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Subject: Re: [boost] [CMake] what to do now?
From: Paul Fultz II (pfultz2_at_[hidden])
Date: 2016-04-14 13:48:22

On Thursday, April 14, 2016 at 12:02:14 PM UTC-5, Peter Dimov wrote:
> Paul Fultz II wrote:
> > How does [bpm] know what files are associated with which library? It
> seems
> > more difficult to figure that out installing all the libraries together.
> It cheats by assuming that library 'foo' is always in
> $BOOST_ROOT/libs/foo,
> so it just removes the whole directory.

Doesn't boost install into the standard ${PREFIX}/include and ${PREFIX}/lib
directories? I don't understand how bpm will remove the headers and the libs
that were installed for a module.

> In principle, it could re-download the package and remove only the files
> it
> contains, or it could record the files somewhere so it would know what to
> remove. But for Boost specifically, this doesn't seem worth the bother,
> because libraries are indeed contained in their libs/ subdirectories.

cget uses symlinks.

> > Although, I don't think its unreasonable for a library to track its own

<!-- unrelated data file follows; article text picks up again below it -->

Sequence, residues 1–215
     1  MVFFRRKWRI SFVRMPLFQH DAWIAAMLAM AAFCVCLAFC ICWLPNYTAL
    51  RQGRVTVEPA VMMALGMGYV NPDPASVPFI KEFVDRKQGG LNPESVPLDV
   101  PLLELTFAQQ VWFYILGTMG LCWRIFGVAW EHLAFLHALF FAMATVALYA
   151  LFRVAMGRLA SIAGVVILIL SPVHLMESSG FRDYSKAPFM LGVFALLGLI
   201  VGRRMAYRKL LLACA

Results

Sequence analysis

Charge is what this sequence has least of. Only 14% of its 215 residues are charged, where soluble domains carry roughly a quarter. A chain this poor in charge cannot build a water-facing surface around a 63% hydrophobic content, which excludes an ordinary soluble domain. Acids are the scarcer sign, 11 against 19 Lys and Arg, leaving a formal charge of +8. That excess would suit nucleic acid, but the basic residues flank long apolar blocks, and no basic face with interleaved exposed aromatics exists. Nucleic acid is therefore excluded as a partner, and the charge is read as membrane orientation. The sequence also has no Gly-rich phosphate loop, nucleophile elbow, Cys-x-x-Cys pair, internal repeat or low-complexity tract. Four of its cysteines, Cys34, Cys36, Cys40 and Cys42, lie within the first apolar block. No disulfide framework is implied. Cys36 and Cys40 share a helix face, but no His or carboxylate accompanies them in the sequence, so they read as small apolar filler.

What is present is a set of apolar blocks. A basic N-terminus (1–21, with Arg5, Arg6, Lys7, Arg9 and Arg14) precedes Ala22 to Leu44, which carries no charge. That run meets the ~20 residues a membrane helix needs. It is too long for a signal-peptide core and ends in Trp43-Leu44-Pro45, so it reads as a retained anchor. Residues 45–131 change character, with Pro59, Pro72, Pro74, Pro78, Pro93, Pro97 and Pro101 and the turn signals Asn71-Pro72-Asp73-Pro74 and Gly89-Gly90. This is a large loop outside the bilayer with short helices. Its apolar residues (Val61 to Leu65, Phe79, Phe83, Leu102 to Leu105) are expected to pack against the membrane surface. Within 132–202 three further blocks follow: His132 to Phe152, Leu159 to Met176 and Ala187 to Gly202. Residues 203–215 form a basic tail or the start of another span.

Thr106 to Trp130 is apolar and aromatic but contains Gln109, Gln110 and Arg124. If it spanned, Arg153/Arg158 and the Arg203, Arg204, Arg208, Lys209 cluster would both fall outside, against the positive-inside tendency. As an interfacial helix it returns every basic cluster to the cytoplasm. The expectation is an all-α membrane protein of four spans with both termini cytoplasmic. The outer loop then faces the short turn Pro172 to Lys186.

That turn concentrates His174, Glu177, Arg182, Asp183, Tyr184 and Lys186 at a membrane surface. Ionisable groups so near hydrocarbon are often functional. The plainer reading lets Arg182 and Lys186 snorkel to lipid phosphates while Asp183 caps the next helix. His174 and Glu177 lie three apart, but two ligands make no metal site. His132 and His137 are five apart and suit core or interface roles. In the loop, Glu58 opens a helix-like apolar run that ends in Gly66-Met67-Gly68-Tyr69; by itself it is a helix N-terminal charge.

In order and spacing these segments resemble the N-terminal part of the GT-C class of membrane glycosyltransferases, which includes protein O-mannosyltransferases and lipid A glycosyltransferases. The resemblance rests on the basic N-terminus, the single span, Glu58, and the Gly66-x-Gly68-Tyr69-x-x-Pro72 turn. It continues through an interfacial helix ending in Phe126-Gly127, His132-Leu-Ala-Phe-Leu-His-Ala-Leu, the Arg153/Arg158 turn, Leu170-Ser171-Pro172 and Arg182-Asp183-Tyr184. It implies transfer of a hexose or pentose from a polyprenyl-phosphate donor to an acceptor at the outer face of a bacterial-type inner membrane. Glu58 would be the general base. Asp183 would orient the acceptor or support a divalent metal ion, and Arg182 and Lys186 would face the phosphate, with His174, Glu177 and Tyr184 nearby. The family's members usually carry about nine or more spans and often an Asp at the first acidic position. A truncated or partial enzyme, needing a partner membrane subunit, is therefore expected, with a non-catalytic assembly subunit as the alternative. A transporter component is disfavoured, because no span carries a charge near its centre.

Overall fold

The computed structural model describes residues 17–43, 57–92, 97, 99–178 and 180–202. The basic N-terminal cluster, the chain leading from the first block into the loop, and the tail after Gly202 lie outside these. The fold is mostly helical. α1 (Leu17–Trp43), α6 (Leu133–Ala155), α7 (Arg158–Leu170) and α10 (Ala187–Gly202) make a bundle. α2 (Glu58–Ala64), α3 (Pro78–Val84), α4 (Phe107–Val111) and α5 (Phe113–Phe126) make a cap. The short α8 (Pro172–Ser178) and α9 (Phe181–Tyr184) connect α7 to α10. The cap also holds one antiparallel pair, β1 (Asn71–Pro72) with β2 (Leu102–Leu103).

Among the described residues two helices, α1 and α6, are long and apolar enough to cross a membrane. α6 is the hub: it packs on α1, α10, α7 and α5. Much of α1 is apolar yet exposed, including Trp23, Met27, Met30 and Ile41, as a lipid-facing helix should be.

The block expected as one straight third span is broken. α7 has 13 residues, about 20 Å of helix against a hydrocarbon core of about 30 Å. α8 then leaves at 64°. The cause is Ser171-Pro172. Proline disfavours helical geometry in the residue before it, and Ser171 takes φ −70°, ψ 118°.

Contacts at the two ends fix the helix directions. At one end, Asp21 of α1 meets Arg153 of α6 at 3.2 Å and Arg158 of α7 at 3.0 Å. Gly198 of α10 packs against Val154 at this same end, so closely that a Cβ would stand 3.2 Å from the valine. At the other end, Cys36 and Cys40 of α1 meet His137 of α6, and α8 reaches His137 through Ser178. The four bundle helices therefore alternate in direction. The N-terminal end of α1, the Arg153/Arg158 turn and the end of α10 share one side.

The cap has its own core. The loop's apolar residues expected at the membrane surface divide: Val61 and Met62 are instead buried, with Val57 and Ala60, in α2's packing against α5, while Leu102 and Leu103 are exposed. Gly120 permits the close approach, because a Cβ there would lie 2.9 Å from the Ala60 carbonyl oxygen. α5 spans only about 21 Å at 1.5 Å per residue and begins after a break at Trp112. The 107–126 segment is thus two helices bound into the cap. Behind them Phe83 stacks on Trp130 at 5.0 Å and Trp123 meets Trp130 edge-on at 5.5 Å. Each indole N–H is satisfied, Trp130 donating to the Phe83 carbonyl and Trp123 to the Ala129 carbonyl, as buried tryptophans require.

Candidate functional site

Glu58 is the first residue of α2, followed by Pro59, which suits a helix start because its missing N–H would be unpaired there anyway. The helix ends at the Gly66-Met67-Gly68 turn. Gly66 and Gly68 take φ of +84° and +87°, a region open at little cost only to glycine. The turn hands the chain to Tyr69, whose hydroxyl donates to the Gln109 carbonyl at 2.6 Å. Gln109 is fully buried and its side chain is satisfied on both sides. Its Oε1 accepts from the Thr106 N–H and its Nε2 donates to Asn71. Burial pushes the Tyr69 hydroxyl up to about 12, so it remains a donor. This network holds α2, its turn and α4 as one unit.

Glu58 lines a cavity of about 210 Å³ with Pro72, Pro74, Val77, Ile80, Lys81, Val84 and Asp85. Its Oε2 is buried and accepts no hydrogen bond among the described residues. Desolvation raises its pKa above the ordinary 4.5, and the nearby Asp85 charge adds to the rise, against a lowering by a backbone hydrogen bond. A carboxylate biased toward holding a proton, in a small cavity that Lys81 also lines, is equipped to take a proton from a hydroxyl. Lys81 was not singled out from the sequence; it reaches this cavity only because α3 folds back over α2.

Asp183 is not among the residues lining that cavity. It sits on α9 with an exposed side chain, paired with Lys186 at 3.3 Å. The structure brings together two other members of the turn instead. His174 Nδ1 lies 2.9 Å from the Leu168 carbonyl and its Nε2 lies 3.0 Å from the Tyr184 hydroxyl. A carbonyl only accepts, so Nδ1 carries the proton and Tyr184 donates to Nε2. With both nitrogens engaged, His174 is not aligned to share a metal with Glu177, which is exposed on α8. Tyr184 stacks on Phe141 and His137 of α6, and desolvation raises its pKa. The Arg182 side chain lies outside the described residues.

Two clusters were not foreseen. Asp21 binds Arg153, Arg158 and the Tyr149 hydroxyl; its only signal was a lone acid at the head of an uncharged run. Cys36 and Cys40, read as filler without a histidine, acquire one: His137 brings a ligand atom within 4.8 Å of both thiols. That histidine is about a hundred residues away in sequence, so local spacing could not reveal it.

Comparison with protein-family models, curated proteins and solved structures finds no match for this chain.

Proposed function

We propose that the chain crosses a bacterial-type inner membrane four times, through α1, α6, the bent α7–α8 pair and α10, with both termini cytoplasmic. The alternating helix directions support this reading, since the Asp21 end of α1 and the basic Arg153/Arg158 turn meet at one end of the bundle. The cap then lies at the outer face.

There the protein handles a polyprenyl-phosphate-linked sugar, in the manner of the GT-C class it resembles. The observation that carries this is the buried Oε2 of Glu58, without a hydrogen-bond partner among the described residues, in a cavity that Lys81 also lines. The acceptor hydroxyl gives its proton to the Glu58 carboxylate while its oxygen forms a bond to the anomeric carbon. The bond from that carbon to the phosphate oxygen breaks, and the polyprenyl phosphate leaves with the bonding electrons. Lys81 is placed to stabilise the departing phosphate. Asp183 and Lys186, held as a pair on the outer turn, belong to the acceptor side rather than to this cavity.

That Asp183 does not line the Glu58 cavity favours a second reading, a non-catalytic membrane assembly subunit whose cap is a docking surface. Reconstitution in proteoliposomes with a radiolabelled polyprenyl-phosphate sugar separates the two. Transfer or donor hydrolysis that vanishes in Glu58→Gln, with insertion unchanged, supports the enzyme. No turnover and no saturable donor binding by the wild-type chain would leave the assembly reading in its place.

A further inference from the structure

> > dependencies.
> It may be reasonable... but for a Boost library it's not going to be very
> reliable. Since Boost library maintainers nearly always work against a
> full
> checkout, libraries can acquire (and sometimes drop) dependencies via a
> one-line edit and it's very easy to forget to record this in a
> 'requirements' file.

Yes, but having a tool to retrieve these requirements could change the way
libraries are tested. Instead they can be tested against just its
using `cget build --test` instead of needing a full checkout.

> bpm relies on dependency information generated by boostdep,

And that tool could be used to generate the channel needed for cget.

> but I need to
> rework it to scan on its own. The additional problem here is that if you
> don't have the full checkout you don't know what module contains which
> header. At some point in the future #include <boost/foo/bar.hpp> may
> always
> mean the foo library, but we're not there yet and it's not clear if we'll
> ever be.

While it may not be necessary for tooling, that would be nice for developers
to easily know where a header came from.

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